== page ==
Next, I organize my thoughts into a coherent structure and identify gaps in research. I return to the library and online databases and research those specific areas. After this, I have all I need! I review everything I’ve researched and then the writing process begins!

  1. What do you consider to be the most pressing issue in international affairs right now?

I believe that the most pressing issue in international affairs is Middle Eastern insecurity and the absence of regional peace. Since the 9/11 attacks and the subsequent Afghanistan and Iraq Wars, the Middle East has failed to stabilize. The current refugee crisis highlights the international impact that the region’s problems can have on the rest of the world. The pressures on all states, the emergence of ISIS, and the terrorist attacks in Paris, Belgium, and African nations can be sourced back to conflict in the Middle East.

  1. You work part-time as a dietary aide, where you work with occupational therapists, rehab attendants, registered nurses and dieticians to provide nutritious meals to seniors. What lessons have you learned from this job? 

 In my job as a dietary aide, the most important lesson that I’ve learned is to remember that life should be about more than just school and work. As we grow older, our simple lives turn into complex ones. We have bills to pay, assignments to complete, and eventually, our own families.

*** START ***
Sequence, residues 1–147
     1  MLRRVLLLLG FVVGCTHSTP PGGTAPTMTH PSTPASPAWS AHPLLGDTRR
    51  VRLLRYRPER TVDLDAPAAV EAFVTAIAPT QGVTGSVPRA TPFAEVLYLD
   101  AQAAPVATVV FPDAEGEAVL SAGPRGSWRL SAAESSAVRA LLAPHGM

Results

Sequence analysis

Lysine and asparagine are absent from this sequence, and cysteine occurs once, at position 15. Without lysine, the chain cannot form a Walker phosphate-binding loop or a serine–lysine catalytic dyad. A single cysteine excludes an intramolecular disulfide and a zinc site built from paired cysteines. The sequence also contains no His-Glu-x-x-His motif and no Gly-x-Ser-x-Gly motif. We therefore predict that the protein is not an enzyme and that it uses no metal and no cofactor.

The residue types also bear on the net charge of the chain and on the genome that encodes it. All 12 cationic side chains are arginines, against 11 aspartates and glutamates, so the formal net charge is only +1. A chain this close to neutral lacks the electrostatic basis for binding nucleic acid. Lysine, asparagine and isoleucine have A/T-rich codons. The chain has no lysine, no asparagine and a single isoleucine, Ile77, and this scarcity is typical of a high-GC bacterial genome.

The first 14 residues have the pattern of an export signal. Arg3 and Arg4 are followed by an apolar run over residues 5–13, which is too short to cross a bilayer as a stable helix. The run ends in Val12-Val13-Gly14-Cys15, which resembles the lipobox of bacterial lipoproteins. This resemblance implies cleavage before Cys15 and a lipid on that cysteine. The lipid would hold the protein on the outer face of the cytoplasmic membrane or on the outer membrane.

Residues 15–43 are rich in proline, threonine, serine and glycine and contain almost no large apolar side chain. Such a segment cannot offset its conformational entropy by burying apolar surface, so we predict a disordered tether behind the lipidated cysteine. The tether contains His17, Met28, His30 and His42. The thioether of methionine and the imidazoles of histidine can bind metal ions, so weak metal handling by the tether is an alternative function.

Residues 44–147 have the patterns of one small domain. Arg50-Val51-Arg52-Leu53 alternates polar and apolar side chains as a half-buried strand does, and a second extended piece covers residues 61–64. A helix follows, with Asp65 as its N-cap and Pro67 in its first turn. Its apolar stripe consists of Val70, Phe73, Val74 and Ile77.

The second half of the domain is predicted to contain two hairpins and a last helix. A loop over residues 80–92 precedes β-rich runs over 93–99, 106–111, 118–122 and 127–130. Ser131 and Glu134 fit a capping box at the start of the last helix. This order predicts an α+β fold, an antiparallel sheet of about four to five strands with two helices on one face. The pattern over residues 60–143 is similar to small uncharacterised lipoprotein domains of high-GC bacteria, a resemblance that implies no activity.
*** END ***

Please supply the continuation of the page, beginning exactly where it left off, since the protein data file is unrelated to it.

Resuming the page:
My interactions and conversations with the elderly have taught me to cherish my youth and to take advantage of all the time I have.

  1. What has been the best experience of your undergraduate degree, thus far?

The best experience of my undergraduate degree has been courses taken in my fourth year. I dread classes with too many students because it’s extremely difficult to connect with the instructors, the students, and the course material. In small 10-12 person seminar classes, you can connect with each person and meaningful relationships are created. This is my final year, and these classes were reminiscent of my elementary school experience where I developed long-lasting friendships. My advice to everyone is to take a small seminar class! You won’t regret it!

Thank you for reading! As I mentioned previously, I recently got accepted into a master’s program at Carleton and the University of Ottawa. The application process has been long and daunting, so stay tuned for an upcoming NSN article in which I share advice on how to get into the graduate school and program of your dreams!



Want to ask Yany a question? Schedule a chat with him today! Yany is happy to provide advice on graduate studies admissions and pursuing political sciences through our free National Young Leader mentorship program.